Brock student passing stock show skills on to others

Parker County 4-H Ambassador and Brock ISD FFA District Vice President and Officer Conner Cowdrey has been involved in stock shows since he was just 4-years old and is now sharing his experience with other exhibitors through clinics.

Brock High School student Conner Cowdrey has been showing and raising animals since he was 4-years-old and is now passing on his showmanship skills to others in Parker County. 

“I started when I was 4 showing my first Red Angus heifer at the Fort Worth Stock Show. My whole family started raising beef cattle and registered Red Angus and we showed Red Angus cattle from Kansas to here and all around,” Cowdrey said. “When I was 12 we sold the cattle and got into show goats and started raising them and were very successful. In about 2014-15 we started raising Dorper sheep and since then we’ve been extremely successful with our Dorper sheep and have been all across the state and country. That’s what we mainly show now and as a family that’s what we raise.”

Cowdrey will be a junior at BHS next school year and is a Parker County 4-H ambassador as well as the Brock FFA district vice president and an officer. 

“I’ve been in 4-H since I was 8 and could actually become a member, but I just go in FFA my freshman year and I’ve met more friends through 4-H and FFA than I would have anywhere else,” Cowdrey said. “I’ve made lifelong connections and have been around some of the greatest role models and leaders that I could have ever imagined. It has taught me great leadership and social skills, so it’s really helped me to basically become a better person overall.”

The 70th annual Parker County Livestock Improvement Association Stock Show will take place from June 10-14 at the Parker County Sheriff’s Posse and Cowdrey will be showing two lambs, a steer and three pigs.

“This is only my second year for pigs, but I really enjoy it and have learned so much about pigs that I never would have without showing them. I kind of took a break from cows from when I was 12 until this year, and I’ve got a steer again,” Cowdrey said. 

Through Parker County 4-H, Conner as well as other members have been teaching showmanship clinics to help younger and more inexperienced exhibitors.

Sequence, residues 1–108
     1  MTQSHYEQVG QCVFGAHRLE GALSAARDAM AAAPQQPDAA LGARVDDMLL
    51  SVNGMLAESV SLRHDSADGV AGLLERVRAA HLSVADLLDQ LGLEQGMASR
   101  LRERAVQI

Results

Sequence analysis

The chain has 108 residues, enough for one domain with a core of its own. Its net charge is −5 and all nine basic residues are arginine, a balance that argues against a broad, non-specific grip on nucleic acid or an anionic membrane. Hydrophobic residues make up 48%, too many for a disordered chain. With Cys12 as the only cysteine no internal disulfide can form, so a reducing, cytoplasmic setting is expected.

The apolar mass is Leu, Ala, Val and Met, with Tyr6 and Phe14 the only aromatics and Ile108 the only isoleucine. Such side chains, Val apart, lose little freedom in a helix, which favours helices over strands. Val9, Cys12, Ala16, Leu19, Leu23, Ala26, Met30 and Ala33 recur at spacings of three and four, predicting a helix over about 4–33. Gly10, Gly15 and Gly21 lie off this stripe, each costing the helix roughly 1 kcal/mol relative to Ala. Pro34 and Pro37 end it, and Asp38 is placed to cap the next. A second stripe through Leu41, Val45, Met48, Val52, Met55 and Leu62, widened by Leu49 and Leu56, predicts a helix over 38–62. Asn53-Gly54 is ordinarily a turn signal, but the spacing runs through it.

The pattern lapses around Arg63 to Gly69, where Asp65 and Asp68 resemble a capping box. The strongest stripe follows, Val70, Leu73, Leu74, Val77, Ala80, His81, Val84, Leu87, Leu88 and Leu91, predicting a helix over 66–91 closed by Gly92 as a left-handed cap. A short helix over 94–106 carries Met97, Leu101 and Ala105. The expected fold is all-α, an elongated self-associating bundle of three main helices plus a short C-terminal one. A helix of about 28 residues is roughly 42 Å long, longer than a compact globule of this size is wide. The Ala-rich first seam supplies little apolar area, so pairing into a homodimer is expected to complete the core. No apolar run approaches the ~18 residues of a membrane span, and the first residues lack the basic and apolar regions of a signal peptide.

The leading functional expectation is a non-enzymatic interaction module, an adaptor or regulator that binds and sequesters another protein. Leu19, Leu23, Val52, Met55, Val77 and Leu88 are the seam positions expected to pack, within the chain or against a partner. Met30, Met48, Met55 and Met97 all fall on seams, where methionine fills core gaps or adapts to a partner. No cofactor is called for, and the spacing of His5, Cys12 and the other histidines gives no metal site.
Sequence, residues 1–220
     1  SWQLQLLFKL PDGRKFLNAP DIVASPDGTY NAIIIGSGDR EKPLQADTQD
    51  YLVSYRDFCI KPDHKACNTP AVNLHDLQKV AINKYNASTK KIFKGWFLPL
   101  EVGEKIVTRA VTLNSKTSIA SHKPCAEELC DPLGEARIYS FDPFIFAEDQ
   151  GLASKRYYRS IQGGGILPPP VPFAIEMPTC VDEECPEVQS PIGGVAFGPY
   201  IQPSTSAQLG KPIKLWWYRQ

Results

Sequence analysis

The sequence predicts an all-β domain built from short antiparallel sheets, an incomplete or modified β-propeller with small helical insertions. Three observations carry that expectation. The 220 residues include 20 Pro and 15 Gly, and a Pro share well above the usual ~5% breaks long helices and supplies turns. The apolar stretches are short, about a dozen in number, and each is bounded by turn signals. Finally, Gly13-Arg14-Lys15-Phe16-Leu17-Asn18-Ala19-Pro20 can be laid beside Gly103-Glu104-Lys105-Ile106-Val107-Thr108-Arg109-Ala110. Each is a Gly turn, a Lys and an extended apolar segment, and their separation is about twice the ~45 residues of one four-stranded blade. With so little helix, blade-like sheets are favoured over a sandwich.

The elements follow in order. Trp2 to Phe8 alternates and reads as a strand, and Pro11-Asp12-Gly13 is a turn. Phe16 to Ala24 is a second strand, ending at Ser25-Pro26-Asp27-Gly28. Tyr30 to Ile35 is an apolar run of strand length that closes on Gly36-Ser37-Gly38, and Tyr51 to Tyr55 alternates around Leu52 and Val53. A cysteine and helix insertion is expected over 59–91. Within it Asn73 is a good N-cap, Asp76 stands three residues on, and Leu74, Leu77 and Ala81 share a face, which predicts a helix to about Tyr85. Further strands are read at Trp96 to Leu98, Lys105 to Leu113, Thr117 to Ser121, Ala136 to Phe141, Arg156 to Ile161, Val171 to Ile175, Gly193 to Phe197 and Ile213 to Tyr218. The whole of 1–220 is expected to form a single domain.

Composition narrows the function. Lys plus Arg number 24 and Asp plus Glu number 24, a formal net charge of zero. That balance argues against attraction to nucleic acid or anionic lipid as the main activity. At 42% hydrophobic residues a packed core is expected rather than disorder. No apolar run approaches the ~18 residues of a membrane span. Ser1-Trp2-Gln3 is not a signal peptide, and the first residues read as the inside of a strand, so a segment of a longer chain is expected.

“I use to have these professionals come in for the clinics and that can be very intimidating for both my 4-H members and their parents, so we found that by using older youth in our program, it’s more palatable for the families — it’s easier for them and they’re more comfortable just because they’re familiar with these young people,” County 4-H Youth Development Agent Kayla Neill said. “Conner and some other kids who show in major livestock show come and provide some basic information that the kids could take home and work on to help get ready. We’re firm believers in that you don’t win the day of the show. You earn your ribbon from the work you put in prior to the day of the show, and that’s one of the approaches we take.”

Cowdrey said he felt like he wanted to give back to others and that’s why he got involved in the clinics.

“When I was little I always had great mentors that were always there any time and so I feel like I owe it to the younger kids in the community — Brock FFA and Parker County 4-H — to put on a showmanship clinic,” Cowdrey said. “We try to do it several times a year and help younger 4-H members as well as older 4-H members that need to brush up on their showmanship skills or need advice about their animal. We also give them advice and tips on how to feed their animals and just improve.”

Cowdrey said he’s been preparing himself for this year’s show, but is excited to see the success his student 4-H and FFA members have. 

“I always tell people it’s more than just getting ready the day of the show. You have to go out to the barn and spend hours a week working with those animals and making sure they’re trained property for the show and keep them fed and looking good all the time. Before the show it’s just making sure they look their best and that they’re in tip top shape on show day, and just compete the best you can,” Cowdrey said. “Hopefully I can do a good job, I’ve been working hard on my animals, but more than seeing myself succeed, I would rather see all the younger kids I’ve helped succeed and do the best they can. I’ve won buckles and banners and I want to see those younger kids have the thrill of getting to do that.”

Neill said the PCLIA Stock Show is a tradition and everyone looks forward to it.

“It’s a fun week and it gives everybody the opportunity to showcase their skills and abilities, and their love for agriculture, which is huge. We’re becoming so urban that it’s very important to show the impact agriculture has on our community, as well as our young people,” Neill said. “We would love the community to come out. There are so many ways that people can get involved and help support the kids by either purchasing animals at the sale or, if they can’t purchase an animal, they can make a donation to the buyers pool and that also helps support the young people.”

For more information about the stock show visit